My ability to complain is endless. For several years now I have noted the effects of climate change on the Vineyard and, more specifically, on my own gardens.

Then this past week, when it was seasonally albeit normally freezing cold for late January, I did my share of whining.

The woodstoves were working overtime yet it was still chilly in my elderly, drafty house.

Any day now I’ll be unhappy with hot and humid.

I’ve said many times that the weather, like my family members, does not respond to criticism.

While on the subject of climate change, did anyone catch the photo and front-page article in Monday’s New York Times? It was of a rock wall in Switzerland with a tiny path up the side and with hundreds of sheep in single file.

For generations, local sheep farmers have sent their flocks to summer pastures high above the glaciers. They return to the valley in winter. Now those glaciers are melting and things are different and difficult.

The photo says it all. It takes a minute to see what is happening.

The article goes on to say that there is a threat to water — i.e. glacial runoff — in the area.

On a lighter and more positive note, my seeds have arrived.

For some reason, I did not receive my Pine Tree Gardens catalogue this year. As luck would have it, I located last year’s with all the items circled. I rang them, got a real live human being right away — no pesky menu to navigate — and ordered exactly the same as last year.

If it works, why fix it?

Now if I could get the greenhouse in some sort of order, I could get the onions started.

I do finally have some pea shoots ready. My little great-grandson Zappa loves them and cannot get enough.

Also, I am eating some sprouted seeds. I use both fenugreek and alfalfa. Soaked overnight in jars with screened tops, they take less than a week until salad-ready.

They do require several rinsings to remove the bulk of seed debris. I finish them for a few days in colanders.

Sadly for me but happy for her, Violet returns to school this week after a long winter break.

She’s been a big help, endlessly cheerful. She rarely rolls her eyes at me — to my face.

We cleaned up a perennial bed and found emerging crocuses and daffodils. Then the big freeze happened. Brrr; poor little things.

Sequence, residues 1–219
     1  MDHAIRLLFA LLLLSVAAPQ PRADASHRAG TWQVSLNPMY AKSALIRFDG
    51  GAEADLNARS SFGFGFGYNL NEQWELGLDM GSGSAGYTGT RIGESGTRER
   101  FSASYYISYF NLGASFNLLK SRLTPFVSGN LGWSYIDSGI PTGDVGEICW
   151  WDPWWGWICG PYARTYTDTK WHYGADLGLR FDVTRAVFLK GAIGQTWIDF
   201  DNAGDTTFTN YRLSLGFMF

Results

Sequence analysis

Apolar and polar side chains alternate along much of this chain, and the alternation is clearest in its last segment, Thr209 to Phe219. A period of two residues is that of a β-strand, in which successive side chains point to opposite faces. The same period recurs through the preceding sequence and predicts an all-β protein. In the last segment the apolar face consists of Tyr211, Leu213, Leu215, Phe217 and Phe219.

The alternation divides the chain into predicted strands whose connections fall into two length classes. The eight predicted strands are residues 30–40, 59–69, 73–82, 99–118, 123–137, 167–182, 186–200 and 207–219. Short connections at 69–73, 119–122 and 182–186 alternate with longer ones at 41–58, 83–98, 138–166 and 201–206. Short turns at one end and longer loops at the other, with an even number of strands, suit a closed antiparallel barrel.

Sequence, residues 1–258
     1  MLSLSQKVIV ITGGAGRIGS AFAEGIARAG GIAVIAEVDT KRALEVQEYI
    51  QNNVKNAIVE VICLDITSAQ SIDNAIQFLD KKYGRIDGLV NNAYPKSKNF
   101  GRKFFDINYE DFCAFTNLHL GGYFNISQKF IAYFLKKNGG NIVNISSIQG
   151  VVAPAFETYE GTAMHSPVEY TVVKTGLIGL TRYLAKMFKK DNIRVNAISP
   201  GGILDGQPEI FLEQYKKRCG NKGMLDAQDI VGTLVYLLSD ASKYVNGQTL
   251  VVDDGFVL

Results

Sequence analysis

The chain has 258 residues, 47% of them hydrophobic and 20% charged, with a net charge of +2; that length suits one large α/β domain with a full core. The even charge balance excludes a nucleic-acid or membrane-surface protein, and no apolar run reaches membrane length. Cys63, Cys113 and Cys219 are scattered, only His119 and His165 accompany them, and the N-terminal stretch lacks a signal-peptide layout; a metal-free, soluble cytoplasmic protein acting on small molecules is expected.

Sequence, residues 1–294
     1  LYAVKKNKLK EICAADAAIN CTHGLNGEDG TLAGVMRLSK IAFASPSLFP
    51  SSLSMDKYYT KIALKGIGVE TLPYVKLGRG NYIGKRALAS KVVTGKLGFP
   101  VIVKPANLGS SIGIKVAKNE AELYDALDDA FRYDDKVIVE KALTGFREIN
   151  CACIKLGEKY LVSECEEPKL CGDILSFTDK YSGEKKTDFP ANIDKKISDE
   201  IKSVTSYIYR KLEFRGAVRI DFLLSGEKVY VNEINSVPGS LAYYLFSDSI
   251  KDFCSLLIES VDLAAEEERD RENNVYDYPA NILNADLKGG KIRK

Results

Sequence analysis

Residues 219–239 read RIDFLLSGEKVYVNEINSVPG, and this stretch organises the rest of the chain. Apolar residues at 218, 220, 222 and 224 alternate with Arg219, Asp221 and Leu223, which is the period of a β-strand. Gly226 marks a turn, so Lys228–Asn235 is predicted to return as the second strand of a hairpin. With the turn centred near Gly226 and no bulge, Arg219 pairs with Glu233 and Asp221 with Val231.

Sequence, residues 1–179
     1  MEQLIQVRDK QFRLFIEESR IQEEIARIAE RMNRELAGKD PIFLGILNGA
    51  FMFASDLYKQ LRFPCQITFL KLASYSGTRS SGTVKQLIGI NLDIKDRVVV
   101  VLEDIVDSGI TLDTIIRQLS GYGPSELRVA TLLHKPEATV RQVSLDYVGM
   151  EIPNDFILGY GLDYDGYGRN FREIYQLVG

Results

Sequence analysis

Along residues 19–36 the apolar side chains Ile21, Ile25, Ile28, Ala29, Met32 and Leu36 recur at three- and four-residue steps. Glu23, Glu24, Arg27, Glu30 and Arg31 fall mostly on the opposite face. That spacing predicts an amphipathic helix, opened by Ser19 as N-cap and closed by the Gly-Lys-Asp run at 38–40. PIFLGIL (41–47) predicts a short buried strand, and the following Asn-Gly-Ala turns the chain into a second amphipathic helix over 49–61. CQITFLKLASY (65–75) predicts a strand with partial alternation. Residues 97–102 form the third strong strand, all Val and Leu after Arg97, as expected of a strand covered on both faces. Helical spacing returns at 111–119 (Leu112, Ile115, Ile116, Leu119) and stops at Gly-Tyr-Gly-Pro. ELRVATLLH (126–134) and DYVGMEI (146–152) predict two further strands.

I often go on about the proper way to cut hydrangeas. There are several done to my ridiculous standards lining the path to The Toy Box at the Tisbury Marketplace. Seeing them is better than my feeble attempt to explain.

What a nice surprise to wake up on Wednesday morning to a winter wonderland. There is nothing quite like new-fallen snow covering everything. It covers a multitude of undone tasks outdoors.

Chickens may be God’s comedians. They refuse to come out of the coop. I think they are afraid to step on snow. They put out a foot, rethink and go back to huddle in a corner.

Richard Nixon appointed Earl Butz as secretary of the Department of Agriculture. His mission was to provide the nation with cheap food. With the help of governmental aid to farms. Put a pin in the importance of the state of Iowa for another time!

Along with cheap food — think corn in all its forms — America got the obesity epidemic, ridiculous healthcare costs and, sadly, shortened life expectancy.

Nearly all processed and fast foods have high fructose corn syrup and corn fattens all our industrial meats. Normally, cattle eat grass — not corn.

We pay less for food in relation to our income and other expenditures than other countries. Yet there is constant complaining about prices.

Joe Biden is to blame when industrial chickens catch avian flu and eggs cost more. He’s blamed when gasoline goes up but never credited when it goes down.

Then again, he’s old. Honestly, how often does the media have to state the obvious?

I wonder when they will start mentioning his actual accomplishments and, oh, I don’t know, his experience, wisdom and downright decency.